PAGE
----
PUTRAJAYA: Prime Minister Datuk Seri Najib Tun Razak held a high-profile business dialogue with 30 prominent chief executive officers (CEOs) here yesterday to discuss the current economic situation.
Najib, who is also Finance Minister, described the Business Leaders Dialogue as timely to seek views to overcome the current global economic challenges in Malaysia.
The dialogue, among others, was to discuss immediate measures to restore confidence and stabilise the nation’s economy, he said.
Among those present were AirAsia Group CEO Tan Sri Tony Fernandes, Telekom Malaysia Group CEO Tan Sri Zamzamzairani Mohd Isa, Public Bank managing director Tan Sri Tay Ah Lek and CIMB Group Holdings Bhd Group chief executive Tengku Datuk Zafrul Tengku Abdul Aziz and Malaysia Airports Holding Bhd managing director Datuk Badlisham Ghazali.
Also present were Second Finance Minister Datuk Seri Ahmad Husni Hanadzlah, Minister in the Prime Minister’s Department Datuk Seri Abdul Wahid Omar, Securities Commission Malaysia chairman Datuk Ranjit Ajit Singh and TalentCorp CEO Johan Mahmood Merican.
“I am looking forward to hear from you on how to work together with the public and private sectors to strengthen our economy. Most certainly, it is most serious consideration by the government,” Najib said before chairing the dialogue session at Perdana Putra here.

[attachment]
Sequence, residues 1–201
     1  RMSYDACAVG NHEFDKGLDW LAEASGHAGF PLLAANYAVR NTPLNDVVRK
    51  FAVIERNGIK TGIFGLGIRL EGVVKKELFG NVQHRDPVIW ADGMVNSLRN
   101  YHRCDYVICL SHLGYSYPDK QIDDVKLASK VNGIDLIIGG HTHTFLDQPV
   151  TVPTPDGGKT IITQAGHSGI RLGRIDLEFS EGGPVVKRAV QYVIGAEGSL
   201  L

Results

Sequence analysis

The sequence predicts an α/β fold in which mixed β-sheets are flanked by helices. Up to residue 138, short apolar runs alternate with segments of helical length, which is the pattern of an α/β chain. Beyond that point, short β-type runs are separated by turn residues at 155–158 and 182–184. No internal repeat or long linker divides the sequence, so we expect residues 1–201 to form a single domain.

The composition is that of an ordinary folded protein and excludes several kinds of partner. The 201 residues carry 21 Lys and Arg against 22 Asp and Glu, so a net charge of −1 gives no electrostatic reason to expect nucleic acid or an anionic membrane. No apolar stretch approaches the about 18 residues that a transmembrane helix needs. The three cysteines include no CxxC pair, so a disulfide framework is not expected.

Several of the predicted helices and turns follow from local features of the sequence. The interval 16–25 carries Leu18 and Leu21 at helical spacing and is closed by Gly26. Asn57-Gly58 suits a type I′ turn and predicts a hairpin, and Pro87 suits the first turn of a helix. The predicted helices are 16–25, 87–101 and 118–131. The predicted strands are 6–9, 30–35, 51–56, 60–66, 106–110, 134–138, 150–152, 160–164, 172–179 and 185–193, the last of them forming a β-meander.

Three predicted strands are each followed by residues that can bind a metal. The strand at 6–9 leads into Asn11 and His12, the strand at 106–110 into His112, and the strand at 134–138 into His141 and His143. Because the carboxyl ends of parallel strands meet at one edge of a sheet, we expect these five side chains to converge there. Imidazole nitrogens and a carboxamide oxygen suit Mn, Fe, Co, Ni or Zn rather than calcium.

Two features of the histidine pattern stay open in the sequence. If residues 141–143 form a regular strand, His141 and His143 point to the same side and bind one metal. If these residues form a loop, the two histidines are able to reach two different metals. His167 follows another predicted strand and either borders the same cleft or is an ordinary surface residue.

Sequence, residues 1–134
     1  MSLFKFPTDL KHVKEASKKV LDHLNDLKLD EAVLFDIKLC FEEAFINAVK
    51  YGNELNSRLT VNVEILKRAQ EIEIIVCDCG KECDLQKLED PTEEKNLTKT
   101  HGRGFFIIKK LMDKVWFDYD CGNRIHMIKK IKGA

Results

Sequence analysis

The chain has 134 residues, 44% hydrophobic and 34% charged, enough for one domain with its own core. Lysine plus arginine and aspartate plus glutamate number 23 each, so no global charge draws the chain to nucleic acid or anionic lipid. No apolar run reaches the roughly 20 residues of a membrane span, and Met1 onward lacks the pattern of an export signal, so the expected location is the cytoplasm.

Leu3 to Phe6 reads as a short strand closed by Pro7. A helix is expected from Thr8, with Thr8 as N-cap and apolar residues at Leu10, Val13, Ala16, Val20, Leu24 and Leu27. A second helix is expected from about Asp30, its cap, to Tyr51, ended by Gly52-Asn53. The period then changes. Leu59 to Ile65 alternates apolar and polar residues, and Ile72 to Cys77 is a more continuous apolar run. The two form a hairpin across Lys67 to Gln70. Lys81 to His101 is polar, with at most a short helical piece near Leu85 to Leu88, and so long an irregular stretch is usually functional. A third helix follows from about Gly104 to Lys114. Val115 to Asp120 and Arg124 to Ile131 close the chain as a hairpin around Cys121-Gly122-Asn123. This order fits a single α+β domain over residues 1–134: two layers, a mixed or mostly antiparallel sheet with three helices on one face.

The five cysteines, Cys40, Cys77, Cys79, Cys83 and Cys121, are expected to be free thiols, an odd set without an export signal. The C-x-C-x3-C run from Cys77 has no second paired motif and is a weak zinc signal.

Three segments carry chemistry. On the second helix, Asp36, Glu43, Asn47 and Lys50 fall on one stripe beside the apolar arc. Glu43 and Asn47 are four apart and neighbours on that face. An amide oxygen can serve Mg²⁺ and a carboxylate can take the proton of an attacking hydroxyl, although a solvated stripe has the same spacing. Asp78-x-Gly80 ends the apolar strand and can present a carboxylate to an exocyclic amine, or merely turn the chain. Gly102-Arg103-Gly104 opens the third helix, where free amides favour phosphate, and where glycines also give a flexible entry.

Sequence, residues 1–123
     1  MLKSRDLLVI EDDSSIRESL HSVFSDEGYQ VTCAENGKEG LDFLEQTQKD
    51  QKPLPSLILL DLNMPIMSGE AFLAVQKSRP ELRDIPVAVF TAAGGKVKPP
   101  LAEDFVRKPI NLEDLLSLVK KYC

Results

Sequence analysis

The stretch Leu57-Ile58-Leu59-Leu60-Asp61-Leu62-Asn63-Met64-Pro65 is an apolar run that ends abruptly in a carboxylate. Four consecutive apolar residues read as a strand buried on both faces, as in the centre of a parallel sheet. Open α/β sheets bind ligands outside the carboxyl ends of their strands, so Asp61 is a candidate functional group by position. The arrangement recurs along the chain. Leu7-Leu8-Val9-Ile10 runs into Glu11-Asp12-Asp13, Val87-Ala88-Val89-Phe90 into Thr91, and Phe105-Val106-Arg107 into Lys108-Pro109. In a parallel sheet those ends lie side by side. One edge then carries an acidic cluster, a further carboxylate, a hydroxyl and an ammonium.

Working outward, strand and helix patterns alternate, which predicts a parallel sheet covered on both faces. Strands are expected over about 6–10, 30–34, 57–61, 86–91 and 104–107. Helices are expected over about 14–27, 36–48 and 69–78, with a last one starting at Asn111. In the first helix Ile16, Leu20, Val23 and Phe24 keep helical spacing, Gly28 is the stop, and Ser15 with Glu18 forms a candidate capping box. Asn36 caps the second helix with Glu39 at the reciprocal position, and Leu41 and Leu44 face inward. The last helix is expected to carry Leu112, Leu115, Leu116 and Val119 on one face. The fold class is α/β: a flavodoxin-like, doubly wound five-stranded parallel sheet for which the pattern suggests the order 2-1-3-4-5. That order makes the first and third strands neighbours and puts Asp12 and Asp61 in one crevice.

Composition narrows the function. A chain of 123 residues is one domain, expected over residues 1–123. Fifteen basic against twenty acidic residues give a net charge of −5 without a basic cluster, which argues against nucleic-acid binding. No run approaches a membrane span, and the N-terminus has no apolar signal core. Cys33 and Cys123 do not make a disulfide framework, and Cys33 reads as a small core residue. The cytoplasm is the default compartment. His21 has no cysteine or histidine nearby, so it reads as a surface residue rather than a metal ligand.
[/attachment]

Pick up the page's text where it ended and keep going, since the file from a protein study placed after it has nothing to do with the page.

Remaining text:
Najib was hopeful the dialogue would give the country a fresh momentum to move forward.
“Not only what we can do immediately, but also for the forthcoming Budget that will be presented next month, Oct 23,” he said.
Najib said the pro-active economy measures, which were unveiled last Monday, were based on the recommendations by the Special Economic Committee and were well-received by the market in a very positive way.
Meanwhile, a statement from TalentCorp said the Business Leaders Dialogue would also discuss the TalentCorp-PwC Diversity in the Workplace 2015 Survey.
The survey showed listed companies in the financial services and fast-moving consumers goods sectors had achieved the government’s 30 per cent of women in top management.
It said 31 per cent of listed companies surveyed had no women board member, 19 per cent had no women in top management, 24 per cent had no ethnic diversity in top management and 31 per cent had no board members below the age of 50 years old. — Bernama